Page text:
Ain’t she sweet! There’s nothing quite as endearing as a newborn baby. A new life to be celebrated. The joy and pride of parents and grandparents. A sign of hope with all the potential of new life. A new baby is a heavenly gift that causes us to wonder at the miracle and beauty of life. This little treasure is the new daughter, Eden, born in January to one of the English professors at HAU. Recently, I was invited, by some of the professors in the English Dept., to make a visit to welcome Eden and congratulate her family. Pleased to be included I was eager to join them but did not realize until arriving what a cultural event it was.
Much like a baby shower in the U.S. it’s a way to give a gift, express community and support and give thanks. A collection is taken up the week before to buy a gift for the family and a crate of cola for the visit (refreshments). A representative from the group buys the gift, usually vegetables, rice and other foods, as well as diapers for the baby. These are all put in a large basket which is carried on the head of one of the women as she enters the house. The basket is taken into another room (usually the kitchen) where it is emptied and a small thank you gift is put back into the basket (something of much smaller, just a gesture of thanks) and the basket is returned upon leaving. The basket is not opened in front of the guests nor is the return basket opened in front of the host.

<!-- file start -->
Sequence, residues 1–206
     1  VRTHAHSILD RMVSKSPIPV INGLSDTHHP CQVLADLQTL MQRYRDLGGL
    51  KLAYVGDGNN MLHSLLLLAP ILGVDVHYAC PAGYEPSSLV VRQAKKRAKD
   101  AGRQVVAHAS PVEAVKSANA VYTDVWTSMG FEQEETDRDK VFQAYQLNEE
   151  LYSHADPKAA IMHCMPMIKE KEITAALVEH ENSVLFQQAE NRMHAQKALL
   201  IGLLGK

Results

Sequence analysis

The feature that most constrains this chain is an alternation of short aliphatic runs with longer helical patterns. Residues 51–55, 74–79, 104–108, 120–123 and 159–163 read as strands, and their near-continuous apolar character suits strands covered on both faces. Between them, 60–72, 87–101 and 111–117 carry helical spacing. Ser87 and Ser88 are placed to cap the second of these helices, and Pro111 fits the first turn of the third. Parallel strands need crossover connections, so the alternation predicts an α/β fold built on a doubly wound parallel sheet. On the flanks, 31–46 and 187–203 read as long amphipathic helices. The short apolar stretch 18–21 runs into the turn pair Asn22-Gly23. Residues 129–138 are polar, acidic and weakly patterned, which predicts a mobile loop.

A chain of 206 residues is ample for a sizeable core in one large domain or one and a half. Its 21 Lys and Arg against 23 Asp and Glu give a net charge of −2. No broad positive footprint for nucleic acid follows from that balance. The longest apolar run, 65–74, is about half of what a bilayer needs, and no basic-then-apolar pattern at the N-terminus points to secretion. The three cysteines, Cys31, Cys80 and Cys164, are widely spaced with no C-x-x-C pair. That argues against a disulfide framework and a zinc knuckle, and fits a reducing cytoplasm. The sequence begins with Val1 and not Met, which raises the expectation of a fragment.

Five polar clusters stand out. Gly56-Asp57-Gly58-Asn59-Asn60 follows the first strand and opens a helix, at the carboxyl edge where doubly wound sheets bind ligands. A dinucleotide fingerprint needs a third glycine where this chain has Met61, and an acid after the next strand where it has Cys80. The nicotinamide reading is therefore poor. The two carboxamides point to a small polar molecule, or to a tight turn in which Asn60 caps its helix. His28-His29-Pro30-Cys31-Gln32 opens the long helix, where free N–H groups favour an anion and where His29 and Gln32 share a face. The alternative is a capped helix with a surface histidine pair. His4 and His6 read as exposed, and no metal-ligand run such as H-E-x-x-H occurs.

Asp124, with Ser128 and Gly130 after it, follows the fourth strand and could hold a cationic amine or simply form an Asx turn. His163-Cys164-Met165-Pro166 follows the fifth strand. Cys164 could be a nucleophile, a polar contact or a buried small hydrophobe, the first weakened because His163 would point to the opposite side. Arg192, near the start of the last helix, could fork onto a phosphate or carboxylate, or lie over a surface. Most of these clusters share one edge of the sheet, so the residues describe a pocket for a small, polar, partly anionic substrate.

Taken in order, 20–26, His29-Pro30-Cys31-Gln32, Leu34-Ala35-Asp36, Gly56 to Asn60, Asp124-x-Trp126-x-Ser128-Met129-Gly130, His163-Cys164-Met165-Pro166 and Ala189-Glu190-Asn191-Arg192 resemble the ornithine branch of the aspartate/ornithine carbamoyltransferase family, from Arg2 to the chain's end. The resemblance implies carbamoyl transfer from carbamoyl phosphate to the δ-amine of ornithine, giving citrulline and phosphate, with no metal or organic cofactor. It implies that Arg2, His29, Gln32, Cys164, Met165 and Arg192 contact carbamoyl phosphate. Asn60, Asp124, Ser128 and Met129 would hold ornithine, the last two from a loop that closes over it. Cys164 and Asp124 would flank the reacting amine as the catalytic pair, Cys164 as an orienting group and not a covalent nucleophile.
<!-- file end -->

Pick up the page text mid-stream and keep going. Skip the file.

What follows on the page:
The visit can last from 3-5 hours with lots of talking, holding the baby, drinking Coke Cola or Fanta. At this particular gathering the new momma had prepared a meal for us of rice, cooked vegetables, meat and french fries. A nice gesture indeed because of the expense of it. I was told usually it is not so elaborate, just the sharing of a drink which the guests bring. After the meal a tray was brought out with sparkling juice and tall stemmed wine glasses. It was opened and shared with stories of how long this couple had waited to have a baby girl (she is the fourth with three older brothers) and how she was given her name “Eden”. I was asked to pray for her and her family. A great honor for me! Then we began to take our leave, especially since there were two other nursing mothers in the group who needed to get home to feed their own babies.
In a country that still has one of the highest infant mortality rates in the world the gift of life is precious and sobering. Eden is fortunate to be born into a family in which both parents have education and jobs, that means a better chance statistically for her future. But the realities of disease, poverty, lack of medicines and good consistent medical care, overcrowded schools with no supplies or resources, not to mention the hazards of traffic, put her in the same high risk category of every young Burundian child. We work and pray for a better future for Eden and all the Burundian children, hoping their generation will see a better quality and quantity of life.